a lot better in a hands-on environment… I was really
concerned coming here. I’ve heard that the tests
are really hard.” He has five years of experience
in networking and works as a PC analyst in a company of
LANs and WANs (about 3,000 seats) that is gradually moving
from Novell to Microsoft. “This is really good for
people who already have significant experience with the
product. You don’t come here from ground zero. It
doesn’t work that way.” Although he considers
himself in the top third of the class based on experience,
“the pace is fast.” He’s passed all three
exams given so far.
Instructor King, who is also an Internet consultant in
the area, offers an excellent afternoon of IIS instruction
during which his experience in the field shows. Rather
than following the text closely, as he did during the
morning class, he expands the lecture with lots of straight-from-the-field
talk about security, install challenges, and other IIS
tips. The afternoon is also very hands-on, as King takes
the students through setting and changing Web site permissions,
rerouting a site or taking a portion offline, changing
access, and more. The pace is fast, with each student
working at his or her own system.
Although King roams the room and tries to keep everyone
on track, he acknowledges later, “I have to leave
some of the slower students behind to maintain the pace.”
Inevitably, he admits, boot camps must leave out some
material in order to stay on schedule. He tries to be
a conscientious instructor, he says, and finds ACREW supports
him in that—“We try to avoid spoon-feeding the
By the day of my visit, students have taken the three
NT exams at the testing center on site, with varying success
rates. Those with some networking experience (the majority
of the class), have passed all three. Some of the less
experienced students are struggling to keep up, and two
students haven’t passed a single exam yet.
While ACREW owner Susan Thayer Yates says she screens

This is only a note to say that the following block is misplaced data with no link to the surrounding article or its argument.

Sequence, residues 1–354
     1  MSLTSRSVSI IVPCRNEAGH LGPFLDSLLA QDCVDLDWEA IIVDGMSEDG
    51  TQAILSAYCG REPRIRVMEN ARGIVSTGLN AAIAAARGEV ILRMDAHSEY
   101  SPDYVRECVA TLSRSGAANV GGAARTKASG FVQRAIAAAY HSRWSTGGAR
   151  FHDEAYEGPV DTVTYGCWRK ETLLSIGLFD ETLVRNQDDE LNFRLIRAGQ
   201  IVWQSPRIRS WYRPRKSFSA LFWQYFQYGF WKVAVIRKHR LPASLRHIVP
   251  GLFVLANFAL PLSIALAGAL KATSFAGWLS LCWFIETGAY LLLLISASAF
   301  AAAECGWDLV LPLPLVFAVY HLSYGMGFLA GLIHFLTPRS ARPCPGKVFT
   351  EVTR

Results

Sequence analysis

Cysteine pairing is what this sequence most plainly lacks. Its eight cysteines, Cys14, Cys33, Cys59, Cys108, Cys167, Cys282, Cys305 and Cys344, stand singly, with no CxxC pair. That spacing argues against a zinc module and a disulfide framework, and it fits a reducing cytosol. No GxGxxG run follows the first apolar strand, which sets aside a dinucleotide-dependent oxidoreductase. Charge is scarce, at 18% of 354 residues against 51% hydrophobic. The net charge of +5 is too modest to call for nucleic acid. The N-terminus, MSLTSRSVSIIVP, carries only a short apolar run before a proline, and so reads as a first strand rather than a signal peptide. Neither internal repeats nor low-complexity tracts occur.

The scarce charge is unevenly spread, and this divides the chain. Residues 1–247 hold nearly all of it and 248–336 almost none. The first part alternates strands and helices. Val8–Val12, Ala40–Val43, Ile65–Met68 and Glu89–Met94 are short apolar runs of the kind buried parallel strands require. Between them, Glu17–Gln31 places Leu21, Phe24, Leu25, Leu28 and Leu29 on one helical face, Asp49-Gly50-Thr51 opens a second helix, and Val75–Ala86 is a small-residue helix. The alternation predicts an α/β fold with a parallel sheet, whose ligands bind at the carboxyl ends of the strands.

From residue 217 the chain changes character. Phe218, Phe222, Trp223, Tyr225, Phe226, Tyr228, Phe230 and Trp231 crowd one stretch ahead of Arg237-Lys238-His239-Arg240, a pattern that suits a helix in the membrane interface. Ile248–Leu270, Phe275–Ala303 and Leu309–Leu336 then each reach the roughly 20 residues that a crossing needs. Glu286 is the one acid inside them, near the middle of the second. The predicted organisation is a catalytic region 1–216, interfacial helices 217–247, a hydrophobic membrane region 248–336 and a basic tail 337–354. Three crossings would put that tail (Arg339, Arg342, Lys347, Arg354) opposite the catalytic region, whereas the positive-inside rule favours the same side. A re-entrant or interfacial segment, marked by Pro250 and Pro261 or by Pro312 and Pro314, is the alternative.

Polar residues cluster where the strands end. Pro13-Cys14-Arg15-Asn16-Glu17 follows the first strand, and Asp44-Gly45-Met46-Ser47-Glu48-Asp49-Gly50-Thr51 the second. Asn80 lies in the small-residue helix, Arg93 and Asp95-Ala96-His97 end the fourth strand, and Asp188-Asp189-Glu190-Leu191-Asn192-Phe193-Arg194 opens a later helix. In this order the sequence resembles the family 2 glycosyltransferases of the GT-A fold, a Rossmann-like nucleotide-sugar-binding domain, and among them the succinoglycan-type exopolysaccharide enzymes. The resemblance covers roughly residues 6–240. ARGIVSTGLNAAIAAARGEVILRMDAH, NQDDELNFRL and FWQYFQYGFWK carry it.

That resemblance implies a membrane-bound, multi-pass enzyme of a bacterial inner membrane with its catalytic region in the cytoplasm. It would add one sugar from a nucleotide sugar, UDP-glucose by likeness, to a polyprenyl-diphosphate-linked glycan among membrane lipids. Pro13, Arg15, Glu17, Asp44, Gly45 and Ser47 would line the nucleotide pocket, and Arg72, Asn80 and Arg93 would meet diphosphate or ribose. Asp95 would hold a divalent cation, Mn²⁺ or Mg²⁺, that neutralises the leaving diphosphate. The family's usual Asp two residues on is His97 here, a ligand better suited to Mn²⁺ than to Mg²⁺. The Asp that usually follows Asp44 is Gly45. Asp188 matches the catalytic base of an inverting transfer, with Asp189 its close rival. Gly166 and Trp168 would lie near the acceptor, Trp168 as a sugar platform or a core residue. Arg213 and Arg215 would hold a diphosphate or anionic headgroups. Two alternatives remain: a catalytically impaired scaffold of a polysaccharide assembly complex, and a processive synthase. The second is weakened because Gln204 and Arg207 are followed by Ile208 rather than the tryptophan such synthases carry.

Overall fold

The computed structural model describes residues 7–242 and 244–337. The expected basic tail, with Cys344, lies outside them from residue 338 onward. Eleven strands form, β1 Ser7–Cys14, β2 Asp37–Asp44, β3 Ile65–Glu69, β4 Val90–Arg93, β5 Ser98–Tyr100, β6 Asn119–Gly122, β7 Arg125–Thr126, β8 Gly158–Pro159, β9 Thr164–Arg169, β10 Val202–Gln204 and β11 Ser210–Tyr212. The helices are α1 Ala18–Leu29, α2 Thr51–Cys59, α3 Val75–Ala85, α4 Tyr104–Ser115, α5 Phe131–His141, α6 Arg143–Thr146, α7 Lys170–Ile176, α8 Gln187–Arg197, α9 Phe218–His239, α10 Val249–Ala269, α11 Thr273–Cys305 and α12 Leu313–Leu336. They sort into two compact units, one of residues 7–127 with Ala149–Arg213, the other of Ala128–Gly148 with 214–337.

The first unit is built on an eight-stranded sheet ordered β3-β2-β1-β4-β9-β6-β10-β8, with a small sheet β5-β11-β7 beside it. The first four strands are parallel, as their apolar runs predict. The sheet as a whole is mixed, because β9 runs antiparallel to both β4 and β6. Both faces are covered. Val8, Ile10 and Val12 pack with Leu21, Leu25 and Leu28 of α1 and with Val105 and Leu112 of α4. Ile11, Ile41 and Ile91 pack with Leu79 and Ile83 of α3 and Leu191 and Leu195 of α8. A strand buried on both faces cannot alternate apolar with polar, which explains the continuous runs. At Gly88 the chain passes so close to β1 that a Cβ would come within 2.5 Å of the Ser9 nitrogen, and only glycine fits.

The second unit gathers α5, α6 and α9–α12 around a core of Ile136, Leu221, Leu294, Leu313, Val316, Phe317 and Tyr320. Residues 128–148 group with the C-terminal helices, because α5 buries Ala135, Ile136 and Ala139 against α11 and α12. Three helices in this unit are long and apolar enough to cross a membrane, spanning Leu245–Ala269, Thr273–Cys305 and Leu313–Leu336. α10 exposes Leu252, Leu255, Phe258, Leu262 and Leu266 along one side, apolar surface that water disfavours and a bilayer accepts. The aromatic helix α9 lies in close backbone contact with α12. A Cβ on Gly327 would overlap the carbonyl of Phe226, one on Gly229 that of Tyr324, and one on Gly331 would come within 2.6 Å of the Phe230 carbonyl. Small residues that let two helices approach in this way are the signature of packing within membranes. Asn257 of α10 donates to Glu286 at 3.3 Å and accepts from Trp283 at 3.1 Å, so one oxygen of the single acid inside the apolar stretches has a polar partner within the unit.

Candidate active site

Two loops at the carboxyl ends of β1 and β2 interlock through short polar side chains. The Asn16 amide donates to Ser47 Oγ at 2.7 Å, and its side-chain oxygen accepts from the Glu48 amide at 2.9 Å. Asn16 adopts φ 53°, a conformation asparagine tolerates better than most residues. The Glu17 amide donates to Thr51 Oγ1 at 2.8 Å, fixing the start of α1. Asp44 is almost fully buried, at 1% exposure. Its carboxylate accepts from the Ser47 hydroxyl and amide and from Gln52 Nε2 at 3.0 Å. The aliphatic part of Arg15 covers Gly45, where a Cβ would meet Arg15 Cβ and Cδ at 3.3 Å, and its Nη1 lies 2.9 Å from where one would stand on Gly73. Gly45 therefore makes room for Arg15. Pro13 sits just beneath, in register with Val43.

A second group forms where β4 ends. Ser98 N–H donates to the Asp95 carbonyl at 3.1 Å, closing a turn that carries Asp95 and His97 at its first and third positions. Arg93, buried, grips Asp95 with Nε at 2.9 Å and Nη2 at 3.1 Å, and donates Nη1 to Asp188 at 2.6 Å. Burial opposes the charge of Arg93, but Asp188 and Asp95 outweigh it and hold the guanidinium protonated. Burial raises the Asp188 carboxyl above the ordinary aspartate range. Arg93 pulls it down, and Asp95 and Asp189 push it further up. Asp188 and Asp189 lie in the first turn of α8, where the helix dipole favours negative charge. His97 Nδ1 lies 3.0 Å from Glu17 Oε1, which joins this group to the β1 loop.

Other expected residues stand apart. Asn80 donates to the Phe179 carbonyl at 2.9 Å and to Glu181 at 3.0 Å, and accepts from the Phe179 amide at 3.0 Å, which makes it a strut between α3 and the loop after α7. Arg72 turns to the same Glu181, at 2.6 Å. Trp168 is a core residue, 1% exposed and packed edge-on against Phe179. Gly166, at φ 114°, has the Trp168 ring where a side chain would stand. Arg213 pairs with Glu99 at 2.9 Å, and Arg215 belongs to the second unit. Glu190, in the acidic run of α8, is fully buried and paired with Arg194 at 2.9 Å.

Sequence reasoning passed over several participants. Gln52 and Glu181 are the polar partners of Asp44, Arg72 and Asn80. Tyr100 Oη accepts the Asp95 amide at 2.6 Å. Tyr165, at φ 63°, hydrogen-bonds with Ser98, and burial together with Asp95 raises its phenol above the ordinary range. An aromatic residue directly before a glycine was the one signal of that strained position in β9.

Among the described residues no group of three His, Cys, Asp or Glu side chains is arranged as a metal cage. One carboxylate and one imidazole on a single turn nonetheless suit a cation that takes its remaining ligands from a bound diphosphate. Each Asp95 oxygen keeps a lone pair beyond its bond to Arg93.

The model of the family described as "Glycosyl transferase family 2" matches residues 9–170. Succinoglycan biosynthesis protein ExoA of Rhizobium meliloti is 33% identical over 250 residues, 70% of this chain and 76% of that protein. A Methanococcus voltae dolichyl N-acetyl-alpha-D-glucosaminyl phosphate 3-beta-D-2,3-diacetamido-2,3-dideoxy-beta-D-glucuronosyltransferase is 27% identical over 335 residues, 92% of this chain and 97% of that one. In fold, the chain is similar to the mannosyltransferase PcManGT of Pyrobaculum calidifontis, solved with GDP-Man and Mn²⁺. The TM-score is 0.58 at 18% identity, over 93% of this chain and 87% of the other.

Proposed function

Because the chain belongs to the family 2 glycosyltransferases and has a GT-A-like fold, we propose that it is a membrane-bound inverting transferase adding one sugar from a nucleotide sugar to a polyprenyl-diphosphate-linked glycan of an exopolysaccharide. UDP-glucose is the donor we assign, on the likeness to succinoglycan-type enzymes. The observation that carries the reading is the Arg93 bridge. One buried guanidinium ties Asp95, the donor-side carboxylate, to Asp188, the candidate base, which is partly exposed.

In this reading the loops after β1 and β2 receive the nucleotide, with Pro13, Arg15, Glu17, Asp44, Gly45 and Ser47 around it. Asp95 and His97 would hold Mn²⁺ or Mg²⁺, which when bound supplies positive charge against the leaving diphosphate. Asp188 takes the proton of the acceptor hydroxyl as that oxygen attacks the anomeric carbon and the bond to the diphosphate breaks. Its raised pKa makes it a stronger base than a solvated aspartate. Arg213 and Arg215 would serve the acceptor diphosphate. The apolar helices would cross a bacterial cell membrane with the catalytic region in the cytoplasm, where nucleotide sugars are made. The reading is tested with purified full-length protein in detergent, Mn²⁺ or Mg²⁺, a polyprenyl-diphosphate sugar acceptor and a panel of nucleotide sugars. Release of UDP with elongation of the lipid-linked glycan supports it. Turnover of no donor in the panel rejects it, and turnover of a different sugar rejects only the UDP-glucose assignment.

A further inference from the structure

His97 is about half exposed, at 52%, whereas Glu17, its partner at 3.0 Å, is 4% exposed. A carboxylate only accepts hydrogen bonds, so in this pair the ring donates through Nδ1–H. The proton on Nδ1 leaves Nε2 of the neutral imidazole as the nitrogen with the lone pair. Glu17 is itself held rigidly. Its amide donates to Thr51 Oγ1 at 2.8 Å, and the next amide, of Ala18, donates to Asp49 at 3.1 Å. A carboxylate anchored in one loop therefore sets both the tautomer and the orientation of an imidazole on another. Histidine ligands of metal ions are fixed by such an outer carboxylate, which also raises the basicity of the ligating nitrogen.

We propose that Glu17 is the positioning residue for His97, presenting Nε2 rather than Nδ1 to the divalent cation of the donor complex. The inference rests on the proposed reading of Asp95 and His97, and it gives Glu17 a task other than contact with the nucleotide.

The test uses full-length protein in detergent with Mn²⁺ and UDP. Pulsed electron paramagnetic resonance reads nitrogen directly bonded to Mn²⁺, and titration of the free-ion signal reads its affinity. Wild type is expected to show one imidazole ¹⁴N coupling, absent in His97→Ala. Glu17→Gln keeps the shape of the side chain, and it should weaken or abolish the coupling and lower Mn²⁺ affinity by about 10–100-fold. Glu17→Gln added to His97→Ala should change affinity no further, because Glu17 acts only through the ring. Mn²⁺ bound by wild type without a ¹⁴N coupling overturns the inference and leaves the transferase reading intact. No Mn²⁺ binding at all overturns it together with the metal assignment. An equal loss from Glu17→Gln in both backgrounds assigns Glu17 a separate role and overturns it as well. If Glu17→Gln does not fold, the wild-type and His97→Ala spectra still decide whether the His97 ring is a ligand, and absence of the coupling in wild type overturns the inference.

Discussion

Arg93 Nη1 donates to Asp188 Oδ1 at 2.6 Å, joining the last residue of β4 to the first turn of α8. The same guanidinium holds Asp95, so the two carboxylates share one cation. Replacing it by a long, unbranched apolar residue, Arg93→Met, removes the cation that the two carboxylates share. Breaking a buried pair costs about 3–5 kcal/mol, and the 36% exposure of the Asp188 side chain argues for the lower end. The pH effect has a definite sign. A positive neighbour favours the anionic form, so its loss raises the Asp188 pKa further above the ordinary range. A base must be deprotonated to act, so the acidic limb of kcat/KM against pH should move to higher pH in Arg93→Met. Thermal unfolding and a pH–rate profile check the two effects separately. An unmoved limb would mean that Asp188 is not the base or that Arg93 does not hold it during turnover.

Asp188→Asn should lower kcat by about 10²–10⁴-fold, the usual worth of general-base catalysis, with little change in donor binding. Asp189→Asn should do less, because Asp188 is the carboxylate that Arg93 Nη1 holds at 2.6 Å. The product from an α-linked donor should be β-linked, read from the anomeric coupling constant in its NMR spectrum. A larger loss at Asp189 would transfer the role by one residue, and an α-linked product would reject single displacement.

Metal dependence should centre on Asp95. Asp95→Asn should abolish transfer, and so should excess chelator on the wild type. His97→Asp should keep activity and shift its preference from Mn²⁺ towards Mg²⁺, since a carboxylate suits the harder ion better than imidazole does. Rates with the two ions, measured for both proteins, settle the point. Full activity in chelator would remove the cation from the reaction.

students thoroughly, I found a wide range of expertise
in the class. One student, the least experienced, had
a Macintosh at home and was making a career change after
retiring from the military. He hadn’t passed an exam
yet, nor did he expect to. “I knew it would be like
this before I got here,” he says. “I’d
be a lot happier if I got the MCSE, but I’m going
to come out of here with a bucketful of knowledge.”
Another less-experienced student says that although she’s
enjoyed the experience and doesn’t regret it or the
money she’s spent, “I wouldn’t recommend
it for someone in my position.” As a support person
at a small firm in which she’s responsible for network
administration (of a LANtastic network), she acknowledges
being somewhat over her head. She also hasn’t passed
an exam yet. “If I had to do it over, knowing what
I do now, I wouldn’t do it,” she says.
Both students stress, however, that ACREW warned them
before they signed up that the pace would be intense and
not intended for beginners. (“They tried to discourage
me,” one says—he says he insisted on attending
anyway.) Neither was promised an MCSE; Yates says that
she doesn’t guarantee the title to any student, and
ACREW’s advertising reflects that. ACREW allows students
to return and audit the class once during the following
six months if they don’t pass all of their exams.
The wide range of expertise actually seems to pay off
in the evenings after dinner, when the students gather
in groups in the lounge areas or classroom to study. There,
the experienced students lead the less-experienced through
explanations, rehashes of the day’s lecture, and
whiteboard diagrams. “That’s where you reinforce